In 2006, the radio distribution service changed hands from NAPT/AIROS to Koahnic Broadcasting Corp., after the Alaska-based company outbid NAPT for the service contract. Now AIROS is solely Internet-based and plays all genres of Native American music 24 hours a day, 7 days a week, making it one of the oldest Native Internet radio-based stations in the country.
Although Gregg would step away from distribution, his movement wasn’t far from production. Later named project coordinator of NAPT’s Native Radio Theater, a job he would hold until now, Gregg would oversee a project to aid in further developing the Native American theater community.
Rhiana Yazzie, Thirza DeFoe and John Gregg. Photo Credit: Janine MarrThe first Native Radio Theater script workshop in 2005 produced three shows at the National Audio Theatre Festivals convention with stories about families and a spoof on a Native superhero called Super Indian.
“I’m really happy with the first shows that we did,” Gregg said. “Those were great shows.”
However, putting these shows together did not come without challenges. Like many other Native media outlets, Native Radio Theater faces shortages in funding, making it difficult to produce. Although NAPT receives grants or other funding from various organizations, sometimes it isn’t enough.
“We need more staff to really do the job and do it really well,” Gregg said. “We could use more site visits and doing evaluations to see what all is needed before we go in and actually produce a show.”
Despite this obstacle, Gregg has tried to make Native Radio Theater a success. The show is part of Koahnic’s national distribution service, NV1, and is heard on some public radio stations throughout the nation.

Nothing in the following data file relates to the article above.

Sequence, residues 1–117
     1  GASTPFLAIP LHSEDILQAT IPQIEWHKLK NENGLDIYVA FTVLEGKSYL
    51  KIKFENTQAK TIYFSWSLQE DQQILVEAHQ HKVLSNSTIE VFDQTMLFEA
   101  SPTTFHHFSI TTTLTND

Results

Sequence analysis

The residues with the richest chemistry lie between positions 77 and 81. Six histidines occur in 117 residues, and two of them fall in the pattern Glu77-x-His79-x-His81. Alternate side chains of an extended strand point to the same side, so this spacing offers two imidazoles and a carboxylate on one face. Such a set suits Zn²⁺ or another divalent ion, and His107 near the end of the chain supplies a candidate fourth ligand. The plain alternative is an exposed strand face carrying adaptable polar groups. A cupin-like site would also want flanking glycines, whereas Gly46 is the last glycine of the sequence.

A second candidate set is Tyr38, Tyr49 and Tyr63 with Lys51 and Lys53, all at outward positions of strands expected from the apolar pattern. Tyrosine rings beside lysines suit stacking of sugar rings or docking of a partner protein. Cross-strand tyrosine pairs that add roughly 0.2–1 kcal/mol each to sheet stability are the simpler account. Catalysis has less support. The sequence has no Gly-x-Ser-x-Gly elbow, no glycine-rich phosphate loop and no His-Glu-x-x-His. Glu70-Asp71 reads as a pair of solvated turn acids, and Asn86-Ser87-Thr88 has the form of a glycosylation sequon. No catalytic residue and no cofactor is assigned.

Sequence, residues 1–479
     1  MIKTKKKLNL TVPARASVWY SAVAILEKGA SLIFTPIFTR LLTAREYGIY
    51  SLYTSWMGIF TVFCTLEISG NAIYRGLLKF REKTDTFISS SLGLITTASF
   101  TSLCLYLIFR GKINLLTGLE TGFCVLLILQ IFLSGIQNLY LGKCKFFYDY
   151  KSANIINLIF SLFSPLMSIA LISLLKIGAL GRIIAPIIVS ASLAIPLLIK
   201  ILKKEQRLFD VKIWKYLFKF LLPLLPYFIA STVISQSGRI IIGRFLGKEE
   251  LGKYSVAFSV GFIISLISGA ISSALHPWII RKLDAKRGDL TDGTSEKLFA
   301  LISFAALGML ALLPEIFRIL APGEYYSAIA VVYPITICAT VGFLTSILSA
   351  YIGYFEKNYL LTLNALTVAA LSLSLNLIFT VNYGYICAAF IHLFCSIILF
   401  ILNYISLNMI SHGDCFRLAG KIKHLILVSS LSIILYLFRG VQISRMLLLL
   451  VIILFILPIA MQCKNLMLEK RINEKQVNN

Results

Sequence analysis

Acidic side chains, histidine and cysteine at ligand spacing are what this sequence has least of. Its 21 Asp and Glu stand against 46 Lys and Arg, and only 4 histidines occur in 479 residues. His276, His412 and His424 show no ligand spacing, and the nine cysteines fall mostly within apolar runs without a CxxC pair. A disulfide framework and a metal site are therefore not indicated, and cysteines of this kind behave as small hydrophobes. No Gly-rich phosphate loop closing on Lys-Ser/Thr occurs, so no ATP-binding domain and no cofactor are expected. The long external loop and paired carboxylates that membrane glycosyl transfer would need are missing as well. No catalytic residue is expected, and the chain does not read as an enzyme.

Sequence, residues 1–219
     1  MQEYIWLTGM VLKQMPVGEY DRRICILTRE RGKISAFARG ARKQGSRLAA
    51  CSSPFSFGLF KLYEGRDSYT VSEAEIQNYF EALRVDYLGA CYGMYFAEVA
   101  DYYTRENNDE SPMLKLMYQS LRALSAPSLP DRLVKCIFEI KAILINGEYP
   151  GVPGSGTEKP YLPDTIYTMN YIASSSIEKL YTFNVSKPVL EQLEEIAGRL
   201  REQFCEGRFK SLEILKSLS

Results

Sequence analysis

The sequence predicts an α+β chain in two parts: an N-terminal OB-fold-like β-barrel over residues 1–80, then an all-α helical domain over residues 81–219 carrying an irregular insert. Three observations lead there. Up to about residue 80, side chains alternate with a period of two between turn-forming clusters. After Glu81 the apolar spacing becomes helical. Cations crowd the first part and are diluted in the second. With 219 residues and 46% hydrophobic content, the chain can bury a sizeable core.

As Gregg currently concentrates on the big move, he also thinks about getting behind music-making as a possible next step. His love of music, after all, is the reason he got into radio in the first place. He was recruited for his first radio gig as a D.J. at a Tuba City station and during his time away from work Gregg enjoys playing guitar for several bands in Lincoln.
“I’ve always wanted to get into independent production that way I can work on some of the things that I would like to do rather than doing things that other people want to do or produce,” Gregg said.
John Gregg and John Trudell during an NAC remote in NebraskaRecording concerts, working as a stage manager or creating radio productions of his own may also be in his future. And he isn’t ruling out the possibility of finding a band in Sioux Falls.
But as he looks forward to a new chapter in his life, Gregg remains thankful for his time at NAPT and the things he learned.
“It’s just a fabulous experience and I have a deep interest in Native cultures and the differences, and the similarities and some of the customs and some of the language,” said Gregg, who is interested in learning some Native languages, including Cherokee, Dakota and Navajo.“That’s the best part of the job was learning some of those cultures.”
However, looking back, it will be the people that Gregg will miss the most.
“I’m going to miss more than anything all the friends I made working at NAPT,” Gregg said. “That’s something that I am really going to miss—a lot is my contact with a lot of friends and colleagues.”
by Zach Oliva